DIY Terrazzo Marble Tray using Polymer Clay

Author: Dana McGorlick-Appelman  Date Posted:4 August 2021 

If you like us love the look of marble, but don't love the price tag and want a fun DIY to spruce up your home, look no further! Keep reading to discover how to make our very own terrazzo marble effect tray using polymer clay with our resident sculpture artist Kirrah Thompson.

To make the terrazzo marble tiles:


To make the tray:



Step 1: Condition clay using the Mont Marte Polymer Clay Press.

By rolling pieces of clay through the clay press, folding and re-rolling, you are conditioning and softening the clay to make it easier to cut, mould and create with.

Once all colours you plan to use are nicely conditioned, you can start the marbling process.

To create the marble effect, you will need to decide what colour you want most prominent. The colour you choose will be the larger ‘base’ colour and you will need to have more of this clay than the others.

Kirrah chose colours that would compliment the base, only using a small amount.


Step 2: Combine 2 colours to create subtle shade gradations

Kirrah used black and white to create a marbled grey effect, creating interesting swirls and patterns, which will be revealed later in the process. Take two colours that you plan to use in the marble effect and swirl them together.

Step 3: Cut up your base colour clay

Squish your main base colour into a shape easy to slice and using a knife, cut it into uneven, random sizes and shapes. The smaller your pieces the busier your marble will be. By having some larger sizes, you will balance the really detailed portions with some calmer areas and create natural-looking shapes and organic-looking patterns.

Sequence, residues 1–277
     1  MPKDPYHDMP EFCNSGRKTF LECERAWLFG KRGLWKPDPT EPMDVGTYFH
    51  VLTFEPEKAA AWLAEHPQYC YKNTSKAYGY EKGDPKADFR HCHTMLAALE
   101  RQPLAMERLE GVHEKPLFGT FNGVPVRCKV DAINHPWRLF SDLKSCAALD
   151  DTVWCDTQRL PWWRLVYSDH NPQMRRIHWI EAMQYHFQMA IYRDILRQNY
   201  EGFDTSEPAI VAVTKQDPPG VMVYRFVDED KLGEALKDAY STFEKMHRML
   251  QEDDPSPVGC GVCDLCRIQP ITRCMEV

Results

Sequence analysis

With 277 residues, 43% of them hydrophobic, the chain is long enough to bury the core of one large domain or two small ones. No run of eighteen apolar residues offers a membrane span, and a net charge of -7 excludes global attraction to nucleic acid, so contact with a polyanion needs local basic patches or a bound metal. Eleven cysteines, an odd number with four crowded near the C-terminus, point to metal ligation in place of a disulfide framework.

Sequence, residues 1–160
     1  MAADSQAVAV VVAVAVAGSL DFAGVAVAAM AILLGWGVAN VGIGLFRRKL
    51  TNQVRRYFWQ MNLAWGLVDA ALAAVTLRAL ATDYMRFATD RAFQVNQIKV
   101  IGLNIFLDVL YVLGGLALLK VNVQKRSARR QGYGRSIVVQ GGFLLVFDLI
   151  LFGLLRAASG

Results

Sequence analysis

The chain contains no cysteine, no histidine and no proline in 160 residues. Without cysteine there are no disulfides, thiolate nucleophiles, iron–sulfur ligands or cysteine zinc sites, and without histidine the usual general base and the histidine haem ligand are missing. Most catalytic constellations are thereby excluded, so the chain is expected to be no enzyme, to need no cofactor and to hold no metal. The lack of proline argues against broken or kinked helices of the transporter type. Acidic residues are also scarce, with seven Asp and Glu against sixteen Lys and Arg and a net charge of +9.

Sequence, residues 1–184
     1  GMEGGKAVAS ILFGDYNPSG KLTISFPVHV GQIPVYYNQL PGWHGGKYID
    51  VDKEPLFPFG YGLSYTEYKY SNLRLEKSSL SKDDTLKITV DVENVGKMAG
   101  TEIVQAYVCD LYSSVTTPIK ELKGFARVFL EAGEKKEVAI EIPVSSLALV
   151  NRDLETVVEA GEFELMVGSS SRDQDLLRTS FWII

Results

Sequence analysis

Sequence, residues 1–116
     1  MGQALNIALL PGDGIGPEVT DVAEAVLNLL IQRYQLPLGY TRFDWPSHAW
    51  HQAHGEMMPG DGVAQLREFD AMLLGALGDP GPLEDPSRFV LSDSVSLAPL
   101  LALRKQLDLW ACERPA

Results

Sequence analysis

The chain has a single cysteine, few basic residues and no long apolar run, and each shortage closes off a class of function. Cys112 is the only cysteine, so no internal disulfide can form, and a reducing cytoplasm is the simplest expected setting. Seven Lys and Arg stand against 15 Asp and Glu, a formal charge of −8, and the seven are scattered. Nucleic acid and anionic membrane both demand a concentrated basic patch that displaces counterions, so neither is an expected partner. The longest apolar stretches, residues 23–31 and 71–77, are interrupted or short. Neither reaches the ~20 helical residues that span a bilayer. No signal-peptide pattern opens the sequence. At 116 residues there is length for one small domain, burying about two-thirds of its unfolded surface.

Step 4: Cut up your accent colour clay

Cut up your other chosen colours and marbled pattern clay into small organic shapes. These will be distributed throughout the base colour.

Step 5: Place your clay shapes into a pile and coat with paint

Once all your colours have been unevenly chopped, place them in a pile, and squeeze some acrylic paint onto the pile, and coat the clay pieces with the paint.

For a less messy option, you can also put it all into a zip lock bag with some acrylic paint, and massage the bag to evenly coat all the polymer pieces individually.

Be sure to choose your acrylic paint colour wisely, the colour you choose will be will the veining throughout your marble.

Step 6: Leave your paint coated piece of clay to dry

When all the pieces are coated, remove them from the bag and place them on a piece of baking paper. You will need to leave them to dry before combining them all together to stop paint smears when cutting at the end.

Step 7: Roll your polymer clay pieces into a log

If all the polymer pieces are dry, you can combine them all into either a round or square log, depending on the shape you want the tiles to be. This is where it gets fun! Pick up your clay and paint pile, and squeeze and roll the clay together to create a ball (you’ll want to wear gloves for this bit). Just squish all the pieces together and slightly knead them to ensure they are all stuck together so once baked they don’t fall apart/ break where the pieces are joined.